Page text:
In the United Sates, CBD from hemp is freely sold at certain retail outlets, over the internet, and consumed, but the legalities are not crystal clear. The laws target cultivation and sales, possession and consumption is not a legal concern. The Agricultural Act of 2014 authorized growing industrial hemp, defined as marijuana with a THC content of 0.3 percent or less, for agricultural research purposes where permitted under state law. With that, certain states began growing and selling hemp products, including CBD oil. The products are proliferating despite the fact that the US Food and Drug Administration (FDA) says CBD oil cannot be marketed as a dietary supplement. The United States Controlled Substances Act excludes certain parts of the cannabis plant that are incapable of producing the psychoactive “high” thus allowing the import and export of such products from the United States, yet CBD products have at times been blocked by the US Customs and Border Patrol (CBP) for export. Until recently, the DEA considered all cannabis products, including CBD, Schedule I substances along with heroin and LSD. In May 2018, the DEA issued an internal directive which reads, "Products and materials that are made from the cannabis plant and which fall outside the CSA [Controlled Substance Act] definition of marijuana (such as sterilized seeds, oil or cake made from the seeds, and mature stalks) are not controlled under the CSA. Such products may accordingly be sold and otherwise distributed throughout the United States without restriction under the CSA or its implementing regulations, …The mere presence of cannabinoids is not itself dispositive as to whether a substance is within the scope of the CSA; the dispositive question is whether the substance falls within the CSA definition of marijuana." But the law still hasn’t changed. Congress has tried and is currently trying to pass bills to remove CBD from the Controlled Substances Act.

Despite the many positive medical applications of CBD, pharmaceutical companies can’t patent a CBD product unless they turn it into a synthetic chemical first. There is one drug whose active ingredient is CBD that has been approved by the US Food and Drug Administration. Epidiolex, made by GW Pharmaceuticals, a British company, was approved in April 2018 by the FDA for use with epilepsy.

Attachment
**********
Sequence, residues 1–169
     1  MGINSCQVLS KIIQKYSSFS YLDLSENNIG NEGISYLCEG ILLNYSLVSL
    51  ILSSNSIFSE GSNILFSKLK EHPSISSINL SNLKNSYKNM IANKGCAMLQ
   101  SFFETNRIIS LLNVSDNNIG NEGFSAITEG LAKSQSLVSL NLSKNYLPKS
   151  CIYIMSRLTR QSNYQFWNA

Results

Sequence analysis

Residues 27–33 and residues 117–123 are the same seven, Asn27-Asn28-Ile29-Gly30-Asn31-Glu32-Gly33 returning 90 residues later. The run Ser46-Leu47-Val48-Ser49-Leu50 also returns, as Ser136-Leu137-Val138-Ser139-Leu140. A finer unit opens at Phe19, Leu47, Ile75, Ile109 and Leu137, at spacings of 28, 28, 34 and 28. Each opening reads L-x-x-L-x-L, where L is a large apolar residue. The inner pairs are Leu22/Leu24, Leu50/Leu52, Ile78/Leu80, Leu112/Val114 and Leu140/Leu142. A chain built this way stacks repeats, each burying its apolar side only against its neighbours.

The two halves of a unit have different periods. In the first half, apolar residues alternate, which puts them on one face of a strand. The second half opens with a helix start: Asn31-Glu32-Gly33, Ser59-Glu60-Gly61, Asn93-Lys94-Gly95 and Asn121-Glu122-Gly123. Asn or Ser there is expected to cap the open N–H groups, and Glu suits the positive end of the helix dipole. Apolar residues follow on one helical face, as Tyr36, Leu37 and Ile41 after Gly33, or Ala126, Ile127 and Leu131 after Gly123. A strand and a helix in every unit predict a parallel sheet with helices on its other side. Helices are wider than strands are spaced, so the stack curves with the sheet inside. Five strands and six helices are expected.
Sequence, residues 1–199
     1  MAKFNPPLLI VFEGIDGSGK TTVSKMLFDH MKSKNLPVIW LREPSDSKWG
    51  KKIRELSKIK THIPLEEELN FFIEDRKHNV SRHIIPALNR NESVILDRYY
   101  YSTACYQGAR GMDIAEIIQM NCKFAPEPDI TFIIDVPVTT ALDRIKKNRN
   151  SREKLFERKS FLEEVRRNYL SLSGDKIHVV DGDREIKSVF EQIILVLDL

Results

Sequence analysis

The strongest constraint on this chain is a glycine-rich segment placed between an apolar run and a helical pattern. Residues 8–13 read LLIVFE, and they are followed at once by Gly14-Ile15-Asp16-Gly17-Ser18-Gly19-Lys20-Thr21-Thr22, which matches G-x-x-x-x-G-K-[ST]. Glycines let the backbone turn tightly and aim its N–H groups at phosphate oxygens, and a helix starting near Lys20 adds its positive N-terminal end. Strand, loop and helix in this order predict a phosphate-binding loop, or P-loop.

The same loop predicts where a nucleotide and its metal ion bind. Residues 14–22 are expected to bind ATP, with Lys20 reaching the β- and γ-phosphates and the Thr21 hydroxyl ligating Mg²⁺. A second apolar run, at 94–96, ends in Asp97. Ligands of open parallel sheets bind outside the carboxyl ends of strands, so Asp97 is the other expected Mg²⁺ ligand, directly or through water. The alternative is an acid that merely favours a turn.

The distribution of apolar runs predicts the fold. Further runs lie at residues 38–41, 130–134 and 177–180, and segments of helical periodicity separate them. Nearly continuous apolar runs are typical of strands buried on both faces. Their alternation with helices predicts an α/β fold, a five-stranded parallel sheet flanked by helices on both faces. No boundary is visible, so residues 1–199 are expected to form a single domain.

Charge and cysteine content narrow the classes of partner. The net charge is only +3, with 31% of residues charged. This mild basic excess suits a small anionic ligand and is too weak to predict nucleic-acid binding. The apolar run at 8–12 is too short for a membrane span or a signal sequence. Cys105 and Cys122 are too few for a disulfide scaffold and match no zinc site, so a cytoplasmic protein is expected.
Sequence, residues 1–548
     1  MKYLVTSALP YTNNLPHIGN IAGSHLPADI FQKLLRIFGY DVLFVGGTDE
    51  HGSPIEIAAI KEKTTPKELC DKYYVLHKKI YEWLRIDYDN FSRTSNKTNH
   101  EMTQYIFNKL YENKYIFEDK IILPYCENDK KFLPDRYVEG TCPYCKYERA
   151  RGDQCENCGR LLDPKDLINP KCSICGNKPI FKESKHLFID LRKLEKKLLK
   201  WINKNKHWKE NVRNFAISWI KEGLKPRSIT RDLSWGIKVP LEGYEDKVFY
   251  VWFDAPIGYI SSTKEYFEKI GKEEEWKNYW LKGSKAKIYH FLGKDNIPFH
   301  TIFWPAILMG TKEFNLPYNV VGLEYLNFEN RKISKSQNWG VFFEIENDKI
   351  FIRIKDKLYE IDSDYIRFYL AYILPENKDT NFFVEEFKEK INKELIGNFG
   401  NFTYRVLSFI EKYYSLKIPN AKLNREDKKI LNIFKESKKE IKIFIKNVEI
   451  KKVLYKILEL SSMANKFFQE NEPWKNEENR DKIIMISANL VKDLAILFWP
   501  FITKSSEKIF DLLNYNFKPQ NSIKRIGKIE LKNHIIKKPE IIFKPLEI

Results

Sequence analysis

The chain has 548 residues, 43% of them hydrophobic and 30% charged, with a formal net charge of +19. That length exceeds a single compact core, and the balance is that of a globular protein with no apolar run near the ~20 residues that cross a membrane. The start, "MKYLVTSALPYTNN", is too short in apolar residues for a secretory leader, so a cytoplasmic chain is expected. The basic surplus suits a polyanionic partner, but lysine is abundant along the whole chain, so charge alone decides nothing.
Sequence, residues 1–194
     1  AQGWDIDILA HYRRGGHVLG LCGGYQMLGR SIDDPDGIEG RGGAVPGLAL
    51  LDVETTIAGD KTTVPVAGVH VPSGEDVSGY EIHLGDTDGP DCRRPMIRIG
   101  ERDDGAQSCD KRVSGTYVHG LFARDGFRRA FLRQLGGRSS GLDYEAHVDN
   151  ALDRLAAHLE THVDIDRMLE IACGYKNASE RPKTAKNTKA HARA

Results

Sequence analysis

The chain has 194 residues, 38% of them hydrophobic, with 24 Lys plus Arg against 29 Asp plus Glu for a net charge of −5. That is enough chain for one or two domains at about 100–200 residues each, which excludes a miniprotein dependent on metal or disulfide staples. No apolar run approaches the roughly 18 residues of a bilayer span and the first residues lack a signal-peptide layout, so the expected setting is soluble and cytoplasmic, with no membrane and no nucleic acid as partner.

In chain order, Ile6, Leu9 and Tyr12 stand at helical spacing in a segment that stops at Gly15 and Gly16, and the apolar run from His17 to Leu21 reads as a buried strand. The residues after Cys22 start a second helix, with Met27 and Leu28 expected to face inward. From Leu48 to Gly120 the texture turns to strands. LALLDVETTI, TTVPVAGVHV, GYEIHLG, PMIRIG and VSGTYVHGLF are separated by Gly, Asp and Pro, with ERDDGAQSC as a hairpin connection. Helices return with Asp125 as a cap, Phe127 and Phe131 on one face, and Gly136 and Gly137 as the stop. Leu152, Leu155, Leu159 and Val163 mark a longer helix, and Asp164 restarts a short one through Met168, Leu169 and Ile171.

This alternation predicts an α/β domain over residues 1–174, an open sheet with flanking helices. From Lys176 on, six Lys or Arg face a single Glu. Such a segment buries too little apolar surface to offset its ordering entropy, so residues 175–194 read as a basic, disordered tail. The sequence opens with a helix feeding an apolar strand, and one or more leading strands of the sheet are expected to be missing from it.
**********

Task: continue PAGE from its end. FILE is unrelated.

CBD oil from hemp is different than hemp oil
CBD products typically come as pills/capsules, as oils with droppers for oral ingestion, sprays and tinctures for absorption in the mouth, and as vaping oil. CBD creams, gels, and lotions are also available for external application to address muscle and joint pain. CBD is non-addictive and can’t be overdosed. It can be ingested safely, although at high doses it can cause gastrointestinal issues and affect certain medications.

When looking to buy CBD oil, pay attention to detail. Just because something is made from hemp doesn’t mean it contains CBD. If “CBD oil” is typed into an internet search box, many hemp oil products will show up. Hemp oil is typically made from hemp seeds, CBD oil from hemp is made from the flowers, leaves, and to a minor extent, the stalk. Hemp seed oil contains minimally low CBD content. Pay attention to CBD content per serving and the cost per dose as both can vary widely by product and brand. If the product only lists “cannabinoids” be cautious, the amount of CBD is unknown.

Also be aware that in 2015 and 2016, the FDA issued warning letters because the products did not have the level of CBD as claimed. Warning Letters and Test Results for Cannabidiol-Related Products Some were higher, but most were lower. ConsumerLab.com, an independent laboratory which tests numerous products, also tested some of the more popular CBD products. They also found differences between labels and actual CBD content. They also tested for lead, cadmium, and arsenic contamination and analyzed for cost. Some information is available at ConsumerLab.com, but there’s a fee to obtain the actual product test results. When researching products look for emphasis on quality control, farming practices, and third party testing for product homogeneity, cannabinoid quantitation, and screening for potential harmful contaminants.